The Senators pulled within two points of Montreal for first place in the Atlantic Division with three games in hand. “We like where we’re at. We’re in a good spot,” Stone said. “But there’s a little bit more that we want. Obviously, there’s teams coming and we want to try and create separation, so the only way to do that is keep winning hockey games.”

Ottawa led 2-0 after one period but trailed 3-2 in the third before getting a tying goal from Mike Hoffman and a power-play goal from Brassard. Stone and Brassard added empty-netters, and Chris Wideman and Ryan Dzingel also scored for the Senators. Ottawa has won four of five overall and three of four against the Leafs this season. Craig Anderson stopped 34 shots.

Morgan Rielly, Nazem Kadri and William Nylander scored and Auston Matthews had two assists for the Maple Leafs. Frederik Andersen allowed four goals on 40 shots. Toronto has lost eight of 11 and entered the night with a tenuous grip on the final wild-card spot in the Eastern Conference.

“The reality is we’re all big boys, we can read the standings. You’ve got to win hockey games,” Babcock said. After Nylander made it 3-2 with a power-play goal 2:04 into the third, Hoffman tied it by rifling a shot from the right faceoff circle off the post and in. On a power play 54 seconds later, Andersen stopped Erik Karlsson’s point shot, but Brassard jumped on the rebound and put it in for a 4-3 lead.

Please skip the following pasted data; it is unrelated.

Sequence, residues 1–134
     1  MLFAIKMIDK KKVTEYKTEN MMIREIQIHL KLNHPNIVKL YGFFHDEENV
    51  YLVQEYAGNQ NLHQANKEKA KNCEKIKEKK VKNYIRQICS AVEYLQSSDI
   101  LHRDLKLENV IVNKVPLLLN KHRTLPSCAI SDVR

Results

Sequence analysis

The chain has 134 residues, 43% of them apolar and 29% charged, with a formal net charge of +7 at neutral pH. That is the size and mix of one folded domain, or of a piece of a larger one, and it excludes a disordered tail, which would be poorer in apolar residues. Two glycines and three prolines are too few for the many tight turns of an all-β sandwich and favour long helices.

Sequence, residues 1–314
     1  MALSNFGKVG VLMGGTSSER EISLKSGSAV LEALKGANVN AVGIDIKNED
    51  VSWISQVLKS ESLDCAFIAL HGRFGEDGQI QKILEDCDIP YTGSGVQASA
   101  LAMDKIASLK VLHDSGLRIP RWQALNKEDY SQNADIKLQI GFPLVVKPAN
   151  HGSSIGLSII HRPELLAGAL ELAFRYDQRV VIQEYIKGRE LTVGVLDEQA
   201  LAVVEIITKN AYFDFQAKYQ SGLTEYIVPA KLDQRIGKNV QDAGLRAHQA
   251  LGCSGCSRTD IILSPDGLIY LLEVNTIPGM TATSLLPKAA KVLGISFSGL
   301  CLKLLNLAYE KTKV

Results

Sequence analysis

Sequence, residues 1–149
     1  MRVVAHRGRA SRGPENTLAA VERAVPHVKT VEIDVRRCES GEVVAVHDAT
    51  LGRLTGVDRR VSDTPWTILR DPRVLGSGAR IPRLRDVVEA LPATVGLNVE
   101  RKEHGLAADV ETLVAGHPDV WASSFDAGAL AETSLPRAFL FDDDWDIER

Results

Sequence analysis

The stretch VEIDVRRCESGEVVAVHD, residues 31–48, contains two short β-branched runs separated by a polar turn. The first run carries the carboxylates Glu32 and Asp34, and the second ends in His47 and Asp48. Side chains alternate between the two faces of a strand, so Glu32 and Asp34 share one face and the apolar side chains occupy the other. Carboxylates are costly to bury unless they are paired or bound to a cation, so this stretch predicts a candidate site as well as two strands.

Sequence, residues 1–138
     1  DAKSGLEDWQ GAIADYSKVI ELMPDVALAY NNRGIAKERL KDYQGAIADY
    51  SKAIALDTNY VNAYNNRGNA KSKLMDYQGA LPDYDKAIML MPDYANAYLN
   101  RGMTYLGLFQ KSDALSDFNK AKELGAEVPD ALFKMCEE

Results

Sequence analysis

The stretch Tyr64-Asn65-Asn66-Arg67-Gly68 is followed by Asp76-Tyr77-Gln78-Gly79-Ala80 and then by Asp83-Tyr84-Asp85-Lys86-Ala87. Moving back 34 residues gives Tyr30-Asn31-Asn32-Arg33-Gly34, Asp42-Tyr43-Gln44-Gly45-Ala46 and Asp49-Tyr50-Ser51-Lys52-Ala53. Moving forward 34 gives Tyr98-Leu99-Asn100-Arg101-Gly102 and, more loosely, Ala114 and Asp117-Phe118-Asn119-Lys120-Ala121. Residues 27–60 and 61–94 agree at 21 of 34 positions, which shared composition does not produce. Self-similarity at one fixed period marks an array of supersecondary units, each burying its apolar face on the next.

Wideman started the scoring in the first, firing a point shot through traffic moments after Stone beat Nikita Zaitsev for a puck behind the Leafs goal. Dzingel added to the lead when he deflected Marc Methot’s point shot 20 seconds later.

Andersen stopped three shots during a lengthy 5-on-3 during the second period, and the Leafs got on the board about three minutes later. Rielly scored with 5:22 left in the second by chasing down a wide shot from Matthews, carrying it to the point and shooting through a crowd in front.

About three minutes later, Zaitsev fired a shot from the right point that sneaked through Anderson’s pads and slid behind the net. Kadri chased it down and banked it off Dzingel’s helmet and in for his 24th goal of the season. Dzingel had fallen in the crease trying to prevent Kadri from stuffing the rebound in.

“Our game plan didn’t change for the third period, and that’s just the maturity we’re gaining over time,” Senators coach Guy Boucher said. “Our leaders have been doing a great job, but collectively, the team has grown dramatically in terms of having poise, executing under pressure.”

Game notes: Mitch Marner sat out for Toronto with an upper-body injury. Marner leads Toronto with 48 points and is also expected to sit Sunday night against Carolina.

UP NEXT Senators: Host Winnipeg on Sunday night. Maple Leafs: Travel to Carolina for a game Sunday night.

Simple Boxscore